Karim says it's not something that can be taught in universities or read in a book. It's a "try, fail and try again" kind of effort to disrupt established industries and turn them upside down. One example for all is Tesla, a company that entered a saturated market and created demand for a completely new product.
Karim Samra's efforts after leaving the corporate world focus on initiatives with an impactful mission - born from what he calls the "millennial mindset". The tagline of Changelabs is "We believe entrepreneurship can change the world", and the company runs entrepreneurship programs in the Middle East and Africa that help young people launch and scale their startups.
Watch Karim's talk to explore the organizations changing the world under Changelabs' wings and hear his answers to the questions from the audience.
Watch Karim's closing Keynote speech from Reflect Festival 2021 here: https://youtu.be/86op95et0fE
Karim Samra started his career working for large multinational companies like General Electric, Barclays Capital, and Booz & Co., where he realized that his passion lies in serving communities and individuals rather than corporations.
He left everything and joined his friend and social enterprise visionary Ahmad Ashkar to help grow what is today the Hult Prize, a global movement of youth who are using business as a force for good. With more than 250,000 applicants per year, this is the largest entrepreneurship program of its kind in the world.
A few years into his new role, Karim set his sights on the Middle East, its youth, and its debilitating unemployment rate. He helped launch successful youth entrepreneurship programs in Egypt, Jordan, and Lebanon. He built long-term partnerships between public and private sector players, local and International, to finance educational opportunities for thousands of youth, and to fund some of the region’s most exciting impact startups.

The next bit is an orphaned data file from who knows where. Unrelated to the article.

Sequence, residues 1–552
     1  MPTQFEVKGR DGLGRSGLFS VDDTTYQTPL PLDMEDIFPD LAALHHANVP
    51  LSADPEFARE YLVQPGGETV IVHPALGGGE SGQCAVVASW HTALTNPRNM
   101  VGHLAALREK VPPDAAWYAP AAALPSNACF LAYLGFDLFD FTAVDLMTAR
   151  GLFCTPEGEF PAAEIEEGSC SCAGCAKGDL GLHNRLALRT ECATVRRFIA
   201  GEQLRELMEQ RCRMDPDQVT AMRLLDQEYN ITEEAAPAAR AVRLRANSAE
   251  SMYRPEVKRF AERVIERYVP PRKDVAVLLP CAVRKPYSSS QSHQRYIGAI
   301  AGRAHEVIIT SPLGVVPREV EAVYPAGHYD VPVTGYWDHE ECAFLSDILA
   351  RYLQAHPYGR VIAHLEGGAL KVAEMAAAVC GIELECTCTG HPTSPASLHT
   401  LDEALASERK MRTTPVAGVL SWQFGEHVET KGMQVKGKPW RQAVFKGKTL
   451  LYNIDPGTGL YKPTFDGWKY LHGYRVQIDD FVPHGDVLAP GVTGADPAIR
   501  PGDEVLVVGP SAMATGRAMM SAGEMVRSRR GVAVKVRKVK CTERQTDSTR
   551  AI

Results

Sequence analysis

Given the challenges the Middle East faces today, and the incredible demand he witnessed, Karim launched Changelabs, a dedicated platform for the Middle East and from the Middle East to make sure as many young people as possible could receive training, inspiration, and funding. The company now runs accelerators, festivals, incubators, and learning programs for young people in multiple countries and provides funding for early-stage startups, a segment largely missing in the MENA region.
Following the COVID crisis and Lebanon’s political instability, Karim launched Beatbox design, a company that aims to provide employment opportunities to Lebanese and Arab creative professionals by offering simple, scalable, and affordable design to startups and established companies around the world.
In addition to being a recognized mentor to startups globally, he also invests in early-stage companies and sits on a number of boards across the healthcare, education, and energy sectors through Changelabs, a MAGNITT-rated top MENA accelerator. He works closely with development organizations, the private sector, and leading governments to help design and deliver cutting-edge impact entrepreneurship programs that help ignite and develop local startup ecosystems
He holds a B.A. in History from Boston College, and an M.B.A from NYU’s Stern School of Business, where he was a merit-based scholarship recipient.